Coronavirus Chronicles — COVID-19 and Kids, Yes, It Happens 

Girl wearing mask

Hot off the presses: The New York State Department of Health (NYSDOH) sent out an announcement to every official, functionary, bureaucrat, clinician, and news outlet in the state. There was recently a sharp upward trend in COVID-related pediatric hospitalizations. In other words, kids get it worse now than ever. The focus is December 5, 2021, through December 19, the week when the number of New York City children hospitalized by the virus multiplied by four. It gets worse:

  • Approximately half of the admissions are less than five years of age and thus vaccine ineligible.
  • For the most recent week… none of the 5-11-year-old patients was fully vaccinated (compared to 16.1% overall in that age group).

Here is what NYSDOH wants authority figures to do:

​Counsel parents that although COVID-19 is usually mild in children, there are risks of serious illness and sequelae for children, and if not isolated they can contribute to community transmission.

Unbelievably, despite the ever-mounting evidence, there are still people who will declare that children don’t catch it, or don’t develop serious cases. But they do, and they also get long-haul COVID and/or the mysteriously similar multi-system inflammatory syndrome, or MIS-C.​

An update on MIS-C

Meanwhile, discussion of MIS-C continues. Is it or is it not the same as “long COVID” in pediatric format? In 2020 Dr. Bo Stapler wrote, “MIS-C is thought to be an abnormal immune response to the novel coronavirus that often occurs after the acute infection has passed.” To some minds, it might as well be considered just a different phase of COVID. A MIS-C diagnosis…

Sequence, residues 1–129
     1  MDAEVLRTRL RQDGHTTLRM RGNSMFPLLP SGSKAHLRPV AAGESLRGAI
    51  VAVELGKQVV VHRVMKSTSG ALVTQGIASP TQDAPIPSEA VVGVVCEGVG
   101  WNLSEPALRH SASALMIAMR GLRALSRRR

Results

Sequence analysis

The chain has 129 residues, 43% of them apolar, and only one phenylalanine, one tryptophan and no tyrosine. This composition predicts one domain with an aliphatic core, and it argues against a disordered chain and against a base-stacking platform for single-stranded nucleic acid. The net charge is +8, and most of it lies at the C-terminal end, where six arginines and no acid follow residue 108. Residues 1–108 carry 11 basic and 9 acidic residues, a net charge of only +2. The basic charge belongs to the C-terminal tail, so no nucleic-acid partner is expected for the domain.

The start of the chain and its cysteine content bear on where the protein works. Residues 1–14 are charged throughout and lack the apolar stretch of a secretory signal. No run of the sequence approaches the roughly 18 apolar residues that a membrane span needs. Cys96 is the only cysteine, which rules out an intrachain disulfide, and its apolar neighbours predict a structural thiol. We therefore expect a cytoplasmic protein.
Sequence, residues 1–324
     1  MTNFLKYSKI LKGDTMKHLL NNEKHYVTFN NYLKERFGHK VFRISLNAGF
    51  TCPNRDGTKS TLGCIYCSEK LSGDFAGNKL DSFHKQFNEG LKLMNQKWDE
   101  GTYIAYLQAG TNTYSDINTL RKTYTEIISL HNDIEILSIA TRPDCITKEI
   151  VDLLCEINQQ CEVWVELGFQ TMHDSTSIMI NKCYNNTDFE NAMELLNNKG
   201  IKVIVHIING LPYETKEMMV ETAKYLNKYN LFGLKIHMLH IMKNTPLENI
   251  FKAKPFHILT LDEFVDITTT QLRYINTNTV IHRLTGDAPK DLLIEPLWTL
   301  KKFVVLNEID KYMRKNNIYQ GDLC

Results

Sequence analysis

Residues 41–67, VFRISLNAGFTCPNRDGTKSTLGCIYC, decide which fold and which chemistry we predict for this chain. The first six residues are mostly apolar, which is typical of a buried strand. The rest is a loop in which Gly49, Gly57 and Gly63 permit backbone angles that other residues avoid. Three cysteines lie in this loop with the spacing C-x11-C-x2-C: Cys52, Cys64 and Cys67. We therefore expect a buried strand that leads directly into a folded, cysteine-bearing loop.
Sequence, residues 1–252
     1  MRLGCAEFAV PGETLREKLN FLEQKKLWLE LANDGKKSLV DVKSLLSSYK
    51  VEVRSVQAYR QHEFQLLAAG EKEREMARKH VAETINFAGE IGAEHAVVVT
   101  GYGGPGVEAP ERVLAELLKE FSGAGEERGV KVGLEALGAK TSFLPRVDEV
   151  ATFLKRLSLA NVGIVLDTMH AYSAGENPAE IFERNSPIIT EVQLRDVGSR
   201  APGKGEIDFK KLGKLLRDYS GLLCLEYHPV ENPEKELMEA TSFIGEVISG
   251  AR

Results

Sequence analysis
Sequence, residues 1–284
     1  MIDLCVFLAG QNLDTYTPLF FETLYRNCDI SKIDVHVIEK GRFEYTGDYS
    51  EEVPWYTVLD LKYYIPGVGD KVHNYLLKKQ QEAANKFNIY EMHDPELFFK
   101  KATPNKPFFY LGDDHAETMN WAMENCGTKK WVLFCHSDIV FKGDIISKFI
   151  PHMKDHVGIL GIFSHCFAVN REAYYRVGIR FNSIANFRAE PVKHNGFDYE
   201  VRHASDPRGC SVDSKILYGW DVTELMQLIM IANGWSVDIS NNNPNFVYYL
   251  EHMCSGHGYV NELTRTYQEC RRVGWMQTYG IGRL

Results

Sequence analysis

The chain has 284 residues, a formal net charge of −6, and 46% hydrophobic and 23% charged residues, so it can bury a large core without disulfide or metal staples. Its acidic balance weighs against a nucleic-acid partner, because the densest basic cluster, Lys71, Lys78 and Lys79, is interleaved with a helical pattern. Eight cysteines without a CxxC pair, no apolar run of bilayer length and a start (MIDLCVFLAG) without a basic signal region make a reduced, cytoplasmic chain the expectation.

[…] broadly includes fever, a positive test for SARS-CoV-2 or a clear exposure, elevated markers of inflammation, and evidence that multiple organ systems are affected (for example, two or more of the following symptoms: rash, swelling of the hands or feet, red eyes, blood clots, swollen lymph nodes, abdominal pain, diarrhea, seizure, or stroke).

It is taking a while for word to circulate that children can get sick and stay sick. The numbers are low enough for skeptical adults to treat the matter cavalierly, but the numbers are likely to grow. Natasha Hinde recounted the experiences of several children and their families for HuffPo:

An informal survey of parents in the group found children affected were most commonly experiencing fatigue, sore throat, gastrointestinal issues, headaches, muscle pain, and weakness months after first becoming sick…​

Young Thomas, for instance, when interviewed, had suffered for a year, with constantly swollen glands, mysterious high fevers, and pain everywhere. The writer called him “a 6-year-old in a 90-year-old’s body” and he holds the unenviable honor of being the first child diagnosed with long COVID by the Royal Manchester Children’s Hospital. ​

Your responses and feedback are welcome!

Source: “The Latest on the Mysterious Inflammatory Syndrome in Children,”
Source: ‘”‘A 6-Year-Old In A 90-Year-Old’s Body’ – The Children Devastated By Long Covid,” HuffPost
Source: “HEALTH ADVISORY: Increase in COVID-19 Pediatric Hospitalizations,”
Images by Nik Anderson/CC BY-ND 2.0

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OVERWEIGHT: What Kids Say explores the obesity problem from the often-overlooked perspective of children struggling with being overweight.

About Dr. Robert A. Pretlow

Dr. Robert A. Pretlow is a pediatrician and childhood obesity specialist. He has been researching and spreading awareness on the childhood obesity epidemic in the US for more than a decade.
You can contact Dr. Pretlow at:


Dr. Pretlow’s invited presentation at the American Society of Animal Science 2020 Conference
What’s Causing Obesity in Companion Animals and What Can We Do About It

Dr. Pretlow’s invited presentation at the World Obesity Federation 2019 Conference:
Food/Eating Addiction and the Displacement Mechanism

Dr. Pretlow’s Multi-Center Clinical Trial Kick-off Speech 2018:
Obesity: Tackling the Root Cause

Dr. Pretlow’s 2017 Workshop on
Treatment of Obesity Using the Addiction Model

Dr. Pretlow’s invited presentation for
TEC and UNC 2016

Dr. Pretlow’s invited presentation at the 2015 Obesity Summit in London, UK.

Dr. Pretlow’s invited keynote at the 2014 European Childhood Obesity Group Congress in Salzburg, Austria.

Dr. Pretlow’s presentation at the 2013 European Congress on Obesity in Liverpool, UK.

Dr. Pretlow’s presentation at the 2011 International Conference on Childhood Obesity in Lisbon, Portugal.

Dr. Pretlow’s presentation at the 2010 Uniting Against Childhood Obesity Conference in Houston, TX.

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